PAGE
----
Micah wants to be just like him, which leads to mischief every now and then.
Carson recalls one time running upstairs to find out what noise was coming from the vent – it sounded like somebody is pouring water into it, he says. When he got upstairs, he saw his son standing over the site where the mysterious noise was coming from. He quickly realized what’s going on: His son was peeing into the vent.
“I didn’t want to walk to the bathroom,” said Micah, looking up at his father.
“You don’t do that! You walk to the bathroom! Those are our rules!”
“But, Dad, why can you pee in the vent and not me?”
Carson forgot that a few days earlier he had come home from a night out with his friends – a little too drunk, he recalls – and mistook the vent for the toilet. He didn’t know Micah had seen him.
It’s not a lesson Carson wants to teach Micah. He prefers to pass on his love for chess: a game he claims to be the best in Athens County at. He brags that he will beat anyone, anytime, anywhere. He says he was captain of the chess team in high school and attended national conventions, one of which he placed fourth overall when he was 14.
Like many fathers with an energetic son, Carson has no choice but to like superheroes and comics, and he often sports themed sweatshirts and hats. But most people don’t realize he buys and sells comics, and regularly attends Ratha Con, a pop culture convention in Athens that started as a way for local comics to showcase their work and has evolved into a gathering of people with the same passion for movies, games, comics and more. Carson describes it as a mini-Comic-Con.
Growing up, he had friends on the football and basketball teams he played for, and he had friends in his electronics programming class: he was a jock and a nerd.
LIFE HASN’T ALWAYS BEEN so kind to Mike Carson. In 2005, when he came up with the idea for the Dog Shack, his friends told him not to bother.
“There are a million places to get food on Court Street,” he remembers one of them saying. “And you think you’re going to make money selling hot dogs?”
He recalls when his will to succeed was almost overtaken by his need for sleep so he could study. He was working until 3 a.m. and not getting home, let alone to bed, until 4 or 5 in the morning.
In the beginning, he had his doubts about whether he’d be able to pull it off … until one day a blackout hit Athens. Everyplace went dark.
Everyplace but 20 S. Court St.
He sold out of all the food he had in the Dog Shack when The Pigskin, a restaurant/bar up the street, gave him all the buns its buns. He ended the day using hamburger buns to sandwich the hot dogs he was selling.
He made almost $11,000 that day. It was enough for him to pay the rent he had fallen behind on, and would be the money he ultimately would use to buy the coolers that line the walls of The Shack.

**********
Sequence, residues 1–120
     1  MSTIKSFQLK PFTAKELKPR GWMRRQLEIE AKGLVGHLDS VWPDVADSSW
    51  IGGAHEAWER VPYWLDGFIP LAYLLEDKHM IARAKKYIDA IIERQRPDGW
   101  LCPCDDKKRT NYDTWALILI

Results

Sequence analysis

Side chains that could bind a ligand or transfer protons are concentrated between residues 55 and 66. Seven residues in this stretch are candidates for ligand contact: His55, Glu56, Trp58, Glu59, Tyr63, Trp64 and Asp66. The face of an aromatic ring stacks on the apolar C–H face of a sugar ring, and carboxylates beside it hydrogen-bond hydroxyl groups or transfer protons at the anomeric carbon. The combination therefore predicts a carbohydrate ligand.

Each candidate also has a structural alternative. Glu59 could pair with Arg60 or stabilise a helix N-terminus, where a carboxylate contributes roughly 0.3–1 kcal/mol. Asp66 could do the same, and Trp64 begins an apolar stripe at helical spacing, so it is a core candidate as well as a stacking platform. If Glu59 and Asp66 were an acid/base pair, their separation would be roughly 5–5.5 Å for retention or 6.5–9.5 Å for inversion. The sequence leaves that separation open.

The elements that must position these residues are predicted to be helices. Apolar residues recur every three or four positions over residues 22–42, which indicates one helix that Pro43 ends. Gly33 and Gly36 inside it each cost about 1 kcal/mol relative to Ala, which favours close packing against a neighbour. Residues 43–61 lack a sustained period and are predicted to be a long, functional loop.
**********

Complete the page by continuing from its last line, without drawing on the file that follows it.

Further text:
THE SHACK HAS ALLOWED Carson to not only build a life but explore other business ventures.
He owns three rental houses around Athens. He is hoping, over the next five or six years, to buy more houses so he can sell The Shack and become a full-time landlord.
In the spring of 2018, he opened SuperSubs, a sandwich shop at 60 N. Court St., next door to another one of his favorite bars: The Overhang. Right now, his sandwich shop operates Wednesdays, Thursdays, Fridays and Saturdays from 8 p.m. until 3 a.m.
Carson says he wants to focus on paying the bills before he hires a larger staff to keep the sub shop open during the day. He hopes, however, to make his shop comparable to DP Dough, a favorite of college students.
“My son is getting older,” Carson says. “I don’t want to sell beer forever. I don’t want him to grow up and be 19 or 20 and say, ‘Oh, yeah, my dad owns a beer store.’”
When Micah was born on Jan. 26, 2012, Carson started thinking less like the college kid who opened a shop just to get by and more like a father. He didn’t have health insurance; he didn’t have a house; he didn’t see a need for either.
He would work through the academic year selling beer, and then he’d go on trips all summer.
Now, he’s got a house, an insurance policy and a boy who thinks the world of him. They love to play “Destiny,” an online video game. Carson says his son can beat the game just as quickly as he himself can.
He loves seeing his son, who has set a goal of becoming a professional baseball player, figure out life.
“I want to play forever,” Micah says about his baseball dreams. “I used to want to be a basketball player like [Stephen] Curry, but he don’t make enough money. I want to be rich.”
Everything is a competition to Carson and Micah, from who can eat the fastest to who’s quickest at brushing his teeth. The two are now on a health kick, and Micah will wake up and walk to his dad’s room and proudly tell him, “I already drank a whole glass of water today, Dad. Did you?”
WHEN HE CAME TO ATHENS almost 20 years ago, Carson pictured his life after Ohio University in a cubical somewhere, crunching numbers for a large corporation. He had no idea, however, what was to come.
He never thought he’d still be in the magical little town of Athens, Ohio, at 35, but he never expected to be an entrepreneur either. He certainly had no plans of becoming well known in this Appalachian town he fell in love with.
He says once a man in Athens turns 30, he enters a limbo: He’s too old to kick it with college kids but too young to hang out with professors.
He wouldn’t change things, though.
Ask him, and he says he’ll never be anything but his own boss.
“If all of this was to blow up and fall down, I still have my hotdog cart,” he says.
He chased the money, and he got the dream.